The tropical island nation of Sri Lanka has a rich terrestrial and aquatic reptilian fauna. However, like most other tropical countries, the threat of climate change to its reptile diversity has not been adequately addressed, in order to manage and mitigate the extinction threats that climate change poses. To address this shortfall, a review of the...
Technical Report
Full-text available
This species is known from Kaduannawa in Kandy District, in Sri Lanka's Central Province, at 427 and 435 m asl. The broader Kadungannawa area has an area of 600 ha and an altitudinal range between 354 and 587 m asl. The species' closest relatives have type localities within around 40 km straight-line distance, suggesting that this species has a gen...
Technical Report
Full-text available
This species is known only from Keerthibandarapura, Walapane, Nuwara Eliya District, in Sri Lanka's Central Province, at elevations of 539 and 562 m asl. The Keerthibandarapura area covers an area of 900 ha and an altitudinal range of 500-750 m asl. It is thought unlikely to be more widespread than presently known, but this requires confirmation th...
Technical Report
Full-text available
This recently-described species is known only from rock caves in Nilgala savanna forest in eastern Sri Lanka. it is widespread within, but localized in rocky areas of, the Nilgala savanna forest, which has an area just below 12,500 ha. It is unlikely to be much more widespread, as monsoonal savannah grassland is not extensive in this area of Sri La...
Technical Report
Full-text available
This species is known only from Kumaradola, Maragalakanda, Monaragala District in Sri Lanka's Uva Province, at elevations of 421 to 437 m asl. The broader Maragalakanda area covers an area of 4,100 ha and an altitudinal range from 354 to 750 m asl.
Technical Report
Full-text available
This species is known only from granite caves in Bambarabotuwa, Opanayake, Ratnapura District, in Sri Lanka's Sabaragamuwa Province, where it has been collected at 445 and 458 m asl. Bambarabotuwa Forest Reserve covers an area of 3,500 ha and an altitudinal range of 380-850 m asl. It may be more widespread in forest in this protected area, but this...
Technical Report
Full-text available
This recently-described species is known only from Udamaliboda, and from the Lihinihela, Borangamuwa and Warnagala areas of Samanala Nature Reserve, all in Sabaragamuwa Province, Sri Lanka. It has been recorded from 435 to 634 m asl. It has not been found in surveys of surrounding areas.
Article
Full-text available
We examined the holotype of Euprepes innotatus Blanford, 1870 which was presented to the Natural History Museum, London (NHMUK) by Blanford himself, and is redescribed herein. Based on the morphological similarity, we placed Eutropis innotata within the E. carinata group (contra Blanford, 1870), as it is closely allied to E. dissimilis and E. carin...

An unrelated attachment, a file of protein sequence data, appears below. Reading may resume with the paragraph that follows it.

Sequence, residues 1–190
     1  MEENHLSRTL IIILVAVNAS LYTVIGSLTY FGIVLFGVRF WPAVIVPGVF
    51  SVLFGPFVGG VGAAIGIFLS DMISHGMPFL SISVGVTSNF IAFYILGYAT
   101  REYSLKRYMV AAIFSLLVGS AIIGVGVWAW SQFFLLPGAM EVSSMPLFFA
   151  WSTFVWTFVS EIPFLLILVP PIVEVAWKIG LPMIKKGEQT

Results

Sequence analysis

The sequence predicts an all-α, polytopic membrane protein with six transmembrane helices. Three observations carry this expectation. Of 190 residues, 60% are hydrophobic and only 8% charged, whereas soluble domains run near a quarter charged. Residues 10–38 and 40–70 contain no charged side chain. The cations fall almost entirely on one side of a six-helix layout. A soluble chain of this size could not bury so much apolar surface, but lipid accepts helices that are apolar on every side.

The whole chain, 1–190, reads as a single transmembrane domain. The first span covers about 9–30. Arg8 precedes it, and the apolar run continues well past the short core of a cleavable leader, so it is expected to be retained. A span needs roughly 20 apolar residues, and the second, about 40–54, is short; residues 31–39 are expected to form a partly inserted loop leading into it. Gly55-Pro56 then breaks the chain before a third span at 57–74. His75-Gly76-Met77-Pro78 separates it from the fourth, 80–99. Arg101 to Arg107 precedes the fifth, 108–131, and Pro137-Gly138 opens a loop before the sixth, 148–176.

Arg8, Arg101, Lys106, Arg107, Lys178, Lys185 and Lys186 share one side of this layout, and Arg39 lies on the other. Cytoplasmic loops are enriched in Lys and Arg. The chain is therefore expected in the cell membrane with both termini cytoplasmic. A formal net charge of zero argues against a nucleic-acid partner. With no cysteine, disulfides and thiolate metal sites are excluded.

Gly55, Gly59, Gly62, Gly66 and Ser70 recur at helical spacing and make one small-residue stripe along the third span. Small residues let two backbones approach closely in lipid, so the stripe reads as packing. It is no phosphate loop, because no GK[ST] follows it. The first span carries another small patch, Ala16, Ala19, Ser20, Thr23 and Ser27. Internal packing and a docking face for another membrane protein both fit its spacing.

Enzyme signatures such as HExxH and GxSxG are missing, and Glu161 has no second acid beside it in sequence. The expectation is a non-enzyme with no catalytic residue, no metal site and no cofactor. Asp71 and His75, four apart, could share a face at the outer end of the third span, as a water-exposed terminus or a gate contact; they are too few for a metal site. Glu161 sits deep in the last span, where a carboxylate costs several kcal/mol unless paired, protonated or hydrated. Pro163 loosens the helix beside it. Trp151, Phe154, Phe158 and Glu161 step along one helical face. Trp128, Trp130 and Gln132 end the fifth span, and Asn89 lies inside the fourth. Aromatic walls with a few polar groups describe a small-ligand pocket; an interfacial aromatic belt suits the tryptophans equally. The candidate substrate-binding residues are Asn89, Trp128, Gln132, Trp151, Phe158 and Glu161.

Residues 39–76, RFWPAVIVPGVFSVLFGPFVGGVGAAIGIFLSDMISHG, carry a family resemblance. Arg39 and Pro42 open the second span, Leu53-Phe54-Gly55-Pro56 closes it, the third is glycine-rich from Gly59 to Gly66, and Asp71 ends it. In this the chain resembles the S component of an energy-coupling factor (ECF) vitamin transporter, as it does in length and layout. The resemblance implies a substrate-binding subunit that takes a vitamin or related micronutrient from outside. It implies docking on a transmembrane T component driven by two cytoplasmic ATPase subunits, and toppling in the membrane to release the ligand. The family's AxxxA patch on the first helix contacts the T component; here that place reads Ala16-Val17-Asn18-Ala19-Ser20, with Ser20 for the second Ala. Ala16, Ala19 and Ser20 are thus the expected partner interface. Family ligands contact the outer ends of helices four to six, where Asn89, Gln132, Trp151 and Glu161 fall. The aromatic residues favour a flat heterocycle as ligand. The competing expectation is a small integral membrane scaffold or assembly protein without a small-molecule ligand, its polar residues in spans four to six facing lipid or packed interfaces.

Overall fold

Article
Full-text available
We investigated diminutive day geckos of the genus Cnemaspis in Sri Lanka, and based on morphological evidence, two populations belonging to the C. alwisi group within the C. podihuna clade are described. Both populations are morphologically closely allied to C. hitihamii, but can be clearly distinguished based on a combination of morphological cha...
Article
Full-text available
Karstic landscapes are immense reservoirs of biodiversity and range-restricted endemism. Nowhere is this more evident than in the world’s third-largest vertebrate genus Cyrtodactylus (Gekkonidae) which contains well over 300 species. A stochastic character mapping analysis of 10 different habitat preferences across a phylogeny containing 345 descri...
Article
Full-text available
A new day gecko of the genus Cnemaspis Strauch, 1887 is described from the intermediate bioclimatic zone (Haputale Forest and Idalgashinna Forest in Badulla District) of Sri Lanka. The new species belongs to the Cnemaspis kandiana clade and was recorded from granite caves and abandoned buildings within forested areas. The region in which these habi...
Conference Paper
Full-text available
The illegal wildlife trade is one of the most lucrative multi-billion-dollar enterprises, involving direct exploitation of flora and fauna around the world. Much of the illegal wildlife trade tends to be associated with a number of charismatic and/or high-profile species and elephants fall into the top-end of this category. Number of studies have b...
Article
Full-text available
The gekkonid genus Cyrtodactylus is the third most speciose vertebrate genus in the world, containing well over 300 species that collectively range from South Asia to Melanesia across some of the most diverse landscapes and imperiled habitats on the planet. A genus-wide phylogeny of the group has never been presented because researchers working on...
Technical Report
Full-text available
This study was undertaken to document the baseline Biodiversity and Ecological conditions of the wetlands within the proposed wetland park at Hayleys Fabric PLC, Narthupana Estate, Neboda. The proposed wetland park is located in Kalutata District of Western Province (6°37’32.7”N 80°04’40.8”) adjoining to Kalu river by bordering Horana-Anguruwatota-...
Article
Full-text available
The illegal wildlife trade is considered one of the major threats to global biodiversity. Asian elephants (Elephas maximus) have been highly valued by various cultures for use in religious and spiritual contexts, as a draft animal, and more recently, as a tourist attraction. Thus, the demand for captive elephants is high. Wild Asian elephants are t...
Article
Full-text available